The Apple versus FBI showdown that's been playing out over the past six weeks is over. But in reality, the battle to circumvent encryption has just started.
Yesterday's news that the government was dropping its case against Apple wasn't a surprise. Last week the Department of Justice informed the courts that it had found a third-party solution to break into the iPhone used by Syed Rizwan Farook and no longer needed the tech company's help. Case closed.
But there are other phones out there, which means there will be other cases. Each device in the possession of local and federal law enforcement is a potential avenue to convince a court to force Apple to circumvent its encryption.
Or the Justice Department can just wait until another phone is used in the course of a crime that's as horrific as the the one perpetrated by Farook and his wife, Tashfeen Malik, in San Bernardino. Higher-profile cases give law enforcement additional leverage with judges and the public. There are hundreds of phones in police custody right now; it's no coincidence the DoJ asked for help with the one used by a terrorist.
Buzzfeed reports that a government official said it's "premature to say anything about our abilities to access other phones." Even if it does manage to use this exploit on other iPhones, there's a chance the FBI won't be able to access new devices from Apple.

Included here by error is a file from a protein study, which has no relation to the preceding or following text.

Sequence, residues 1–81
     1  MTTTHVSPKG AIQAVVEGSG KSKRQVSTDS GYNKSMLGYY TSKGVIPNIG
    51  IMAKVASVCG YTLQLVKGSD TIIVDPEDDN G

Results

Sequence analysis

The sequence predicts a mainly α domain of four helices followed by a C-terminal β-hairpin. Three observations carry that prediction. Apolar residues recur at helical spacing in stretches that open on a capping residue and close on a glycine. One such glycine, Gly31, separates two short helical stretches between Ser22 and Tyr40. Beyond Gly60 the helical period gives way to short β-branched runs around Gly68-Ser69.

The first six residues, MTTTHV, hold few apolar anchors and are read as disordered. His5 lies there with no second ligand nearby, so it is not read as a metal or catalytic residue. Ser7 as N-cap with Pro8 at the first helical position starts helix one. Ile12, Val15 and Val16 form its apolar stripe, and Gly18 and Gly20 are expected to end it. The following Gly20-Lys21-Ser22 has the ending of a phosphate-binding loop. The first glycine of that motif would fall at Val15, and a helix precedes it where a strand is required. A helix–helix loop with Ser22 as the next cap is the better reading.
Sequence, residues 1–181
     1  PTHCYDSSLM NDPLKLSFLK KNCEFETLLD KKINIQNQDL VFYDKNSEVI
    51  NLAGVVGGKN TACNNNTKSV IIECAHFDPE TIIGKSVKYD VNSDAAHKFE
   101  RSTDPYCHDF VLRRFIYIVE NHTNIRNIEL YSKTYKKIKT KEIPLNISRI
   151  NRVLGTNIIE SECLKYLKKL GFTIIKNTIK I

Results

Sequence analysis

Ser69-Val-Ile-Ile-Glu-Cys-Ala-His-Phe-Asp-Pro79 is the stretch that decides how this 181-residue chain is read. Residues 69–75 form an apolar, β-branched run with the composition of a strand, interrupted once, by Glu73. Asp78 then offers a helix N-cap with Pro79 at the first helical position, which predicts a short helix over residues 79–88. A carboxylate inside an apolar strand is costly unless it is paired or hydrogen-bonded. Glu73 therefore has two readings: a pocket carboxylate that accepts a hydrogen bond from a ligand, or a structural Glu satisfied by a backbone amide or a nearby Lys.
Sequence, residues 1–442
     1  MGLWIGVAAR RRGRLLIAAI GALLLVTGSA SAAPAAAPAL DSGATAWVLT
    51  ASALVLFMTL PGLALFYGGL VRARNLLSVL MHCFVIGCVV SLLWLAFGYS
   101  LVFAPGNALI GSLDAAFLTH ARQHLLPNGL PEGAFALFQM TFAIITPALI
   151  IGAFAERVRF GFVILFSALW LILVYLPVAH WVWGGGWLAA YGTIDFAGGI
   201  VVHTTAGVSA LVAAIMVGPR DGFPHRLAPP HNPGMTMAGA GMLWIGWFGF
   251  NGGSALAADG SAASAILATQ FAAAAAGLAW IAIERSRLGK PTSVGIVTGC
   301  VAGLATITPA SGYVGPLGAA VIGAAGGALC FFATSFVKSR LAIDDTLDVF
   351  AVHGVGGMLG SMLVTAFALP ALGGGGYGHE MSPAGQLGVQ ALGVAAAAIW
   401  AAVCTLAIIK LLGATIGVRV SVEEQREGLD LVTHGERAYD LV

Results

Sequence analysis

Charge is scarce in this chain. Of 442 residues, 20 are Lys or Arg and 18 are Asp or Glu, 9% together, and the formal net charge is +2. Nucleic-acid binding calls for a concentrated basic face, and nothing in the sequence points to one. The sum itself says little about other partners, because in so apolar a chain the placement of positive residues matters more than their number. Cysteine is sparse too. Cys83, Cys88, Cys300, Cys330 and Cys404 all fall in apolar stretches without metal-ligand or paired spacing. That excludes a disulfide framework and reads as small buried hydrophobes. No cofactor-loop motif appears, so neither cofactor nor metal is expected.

Farook used an iPhone 5C. The encryption on this phone is software based. It doesn't have the additional hardware security found in Apple's A7 and later processors. With the introduction of that chip in the iPhone 5S, the company added a secure element that makes it even tougher to crack the encryption on a device. Apple insists that even the company itself can't read the encrypted handshake between the hardware and software when a passcode or Touch ID is used to unlock the phone.
But the thing is, we don't know the full capabilities of the exploit the FBI is using. According to The Guardian, the Justice Department wants the exploit to be classified. So it could potentially keep the vulnerability a secret from not only the public but also Apple. Without transparency or proper disclosure, the capabilities of the tool are unknown. If the government says it won't work on an iPhone 6, we have to take its word for it.
So while Apple has stated that "this case should never have been brought," it should prepare itself for others like it. And not just Apple: Other tech companies like Google and Microsoft should be ready for a call from the FBI, CIA, NSA or Homeland Security if an encrypted device is used during the course of a crime.
All the government needs is to set a precedent to circumvent encryption. If the courts rule that a company has to help law enforcement bypass the security of a device, it doesn't matter if it's Apple or not. It'll be the first step in a series of court battles against tech giants that'll be tougher to fight as more phones are unlocked.
There are now two security races going on. One is to build tougher encryption to keep hackers out of users' devices. The other is to build a legal team to keep the government out of users' phones. It's not a quick sprint solved by a single case. This is an ultramarathon that started with that first motion.